But it was she who had been hit. The car sped away. Sirens of ambulances and police cars pierced the night as help arrived.
“I tried to get up and couldn’t,” she said. “The ambulance man tried to lift me and it was sheer agony.” It was the last day of her life that she would walk upright.
Months later, first at Royal Victoria Hospital and later at rehabilitation centers, she would wrestle with her now useless legs and her new life in a wheelchair. She was not pleasant to be around, she admits.
“I was very horrible.” In the eyes of some, neither was she merely a random victim of IRA violence worthy of compassion. How could she be?
“Everyone assumed I was in a paramilitary organization. Innocent people didn’t get shot.”
But this one had.
The date was May 4, 1972, in the Northern Ireland city of Derry, which along with Belfast has been the other chief urban flashpoint of The Troubles.
Richard Moore, a boy who lived in Cragan Estates, was out on the streets as British troops roamed about, trying to squelch any protests by Derry’s restive Catholic population. A British soldier fired off a volley of rubber bullets.
“I was hit on the bridge of my nose. I lost my right eye, I was blinded in the left,” says Richard.
When he regained consciousness, he lay stretched upon the canteen table in his local school cafeteria. His teacher sought to cut his schoolbag and bloodied shirt off him. “The teacher didn’t recognize me because my face was so disfigured.”
Richard’s father arrived at the school first, then his mother. His father wouldn’t let his mother into the room to see Richard like this. The Troubles had already darkened this family’s door five months earlier in Derry. “She had her brother shot dead in January 1972, in Bloody Sunday,” Richard recalled.
Later, after her now blind son returned home from the hospital, Richard’s mother took over his treatment in her own fashion. She spent much time in prayer, seeking heaven’s help in the return of Richard’s eyesight.
She sought out blessed holy water from Ireland’s many holy wells, which she then rubbed upon his sightless eyes. She scoured Masses and church services for holy medals. “I had about 30 holy medals pinned on my chest like I served in World War II,” Richard said.
Yet despite his mother’s herculean efforts, heaven wouldn’t budge.
Signing Up for Revenge
At the tender age of 14, Alistair joined the Protestant paramilitaries in Northern Ireland. The father of one of his friends had been killed by the IRA and he was ready to sign on for revenge.
He must have been good at the snipings, the bombings and mayhem caused by these secretive, self-anointed soldiers fighting for the Protestant cause and Loyalist Ulster, because by age 17 he was sentenced to prison for 13 years.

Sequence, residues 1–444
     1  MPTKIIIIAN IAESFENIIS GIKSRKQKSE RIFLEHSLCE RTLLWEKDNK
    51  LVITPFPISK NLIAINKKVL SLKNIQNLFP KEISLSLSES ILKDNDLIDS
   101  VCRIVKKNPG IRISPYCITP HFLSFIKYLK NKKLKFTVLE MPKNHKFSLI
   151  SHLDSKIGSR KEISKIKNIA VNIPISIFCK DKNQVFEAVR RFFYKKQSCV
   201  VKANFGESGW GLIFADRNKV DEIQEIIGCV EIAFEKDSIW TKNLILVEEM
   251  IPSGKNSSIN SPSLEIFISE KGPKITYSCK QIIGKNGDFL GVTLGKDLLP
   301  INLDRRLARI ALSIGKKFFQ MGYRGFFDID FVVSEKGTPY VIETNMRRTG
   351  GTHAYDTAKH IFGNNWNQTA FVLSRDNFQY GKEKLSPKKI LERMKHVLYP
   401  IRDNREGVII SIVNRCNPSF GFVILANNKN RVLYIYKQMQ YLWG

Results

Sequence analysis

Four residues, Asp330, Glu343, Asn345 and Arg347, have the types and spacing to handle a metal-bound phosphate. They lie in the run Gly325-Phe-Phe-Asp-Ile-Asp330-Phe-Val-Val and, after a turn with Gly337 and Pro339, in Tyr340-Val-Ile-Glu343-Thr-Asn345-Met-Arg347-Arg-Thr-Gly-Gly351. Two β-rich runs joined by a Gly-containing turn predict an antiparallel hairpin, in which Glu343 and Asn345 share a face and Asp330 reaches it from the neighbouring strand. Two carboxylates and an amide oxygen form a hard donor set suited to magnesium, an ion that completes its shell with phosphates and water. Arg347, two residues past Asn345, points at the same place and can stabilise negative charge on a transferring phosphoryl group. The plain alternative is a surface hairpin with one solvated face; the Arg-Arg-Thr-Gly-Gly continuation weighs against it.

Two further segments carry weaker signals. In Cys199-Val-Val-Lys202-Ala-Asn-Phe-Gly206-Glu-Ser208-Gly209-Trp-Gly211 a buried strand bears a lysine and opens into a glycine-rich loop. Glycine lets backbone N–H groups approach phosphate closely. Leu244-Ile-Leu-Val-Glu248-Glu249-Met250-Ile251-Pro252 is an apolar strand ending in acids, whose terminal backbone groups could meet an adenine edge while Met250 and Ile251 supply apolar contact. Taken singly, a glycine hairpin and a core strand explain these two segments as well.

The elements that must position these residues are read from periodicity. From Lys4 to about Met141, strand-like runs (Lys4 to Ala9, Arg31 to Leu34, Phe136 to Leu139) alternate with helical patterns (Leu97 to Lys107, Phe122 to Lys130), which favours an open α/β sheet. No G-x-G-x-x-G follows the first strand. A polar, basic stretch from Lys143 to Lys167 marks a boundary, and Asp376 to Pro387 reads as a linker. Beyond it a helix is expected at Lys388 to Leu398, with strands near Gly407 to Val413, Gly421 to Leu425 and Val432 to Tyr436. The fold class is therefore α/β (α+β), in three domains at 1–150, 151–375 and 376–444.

Of the violence he committed, he says: “I felt I had done something for the cause. I also believed because I was a Protestant — and God was a Protestant — I would be OK. But in the back of my mind I felt I had done something wrong.”
In prison, he was constantly afflicted with guilt, especially “at the pain and hurt I had caused my family, and my parents who had aged 10 years in a couple of years.”
Alistair was behind bars in Northern Ireland’s infamous Maze prison in 1981, when Bobby Sands and nine other IRA prisoners undertook a hunger strike. It was part of a campaign by Irish Nationalist inmates to have their status as political prisoners returned to them after it had been revoked.
Sands would continue the strike for 66 days until his death. He became a martyr and brought worldwide attention to The Troubles.
“I heard three prison officers laughing at Bobby Sands’ death. And saying they couldn’t wait until they ALL died,” Alistair says.
He scolded the officers for their remarks. Then, he wondered why. “Why was I was defending Bobby Sands? I despised everything he stood for. If I’d had the chance, I’d have killed him and he’d have killed me.” Yet he had seen in Sands “a certain courage,” Alistair says. “I realized I was seeing him as a human being for the first time.”
‘I Blame the Dalai Lama …’
Fast forward to the year 2000, in downtown Belfast on the October morning of all this tale telling. More than 400 people fill the ornate Ulster City Hall this Saturday as sunlight slants through tall windows ornamented with stained glass gold crowns and greenery.
Mary, Richard, Alistair and others sit in chairs on a small stage in front of the windows. The program had blandly listed the event as “Testimonials from Victims of Sectarian Violence.” But this hardly prepares the conference members and other visitors for the heart-tugging tears and — surprisingly — belly laughs the session produces.
Father Freeman and the Dalai Lama quietly share the stage with the Irish speakers, the Tibetan monk’s ears cocked toward his translator as the stories unfold.
In her wheelchair, Mary pauses in her tale-telling, stymied by tears. “I blame this emotion on the Dalai Lama, because normally I’m not like this,” she says.
“I don’t like to be called ‘disabled,’” she continues after gathering herself, “because I’m not. I just can’t walk. I do have a problem with the built environment. It’s absolutely torture.”
The one upside was that young guys would help lift her wheelchair in and out of places “so that was good fun.”
Mary later left Belfast to work in London and Switzerland, married and had a child — she points out her husband videotaping her from the audience — and just last year she earned a Phd.
Irish folk are some tough cookies, an observer may think, hearing her tale. Yet some days she doesn’t feel so tough, Mary says. “I don’t think it’s going to be easy getting old, dealing with the wheelchair. But that’s just the way it is.”
Yet it’s not the way it should be for one single other person in Northern Ireland, Mary goes on. No other family should have to suffer as she and her family did from The Troubles, and from the fallout of the many failed attempts to bring them to a close.
“I don’t think it’s acceptable, that would be my greatest gripe. I blame the politicians. I don’t think they take the responsibility seriously enough. Northern Ireland is a very inflammatory situation. And we need decent, hardworking people to help us get peace.”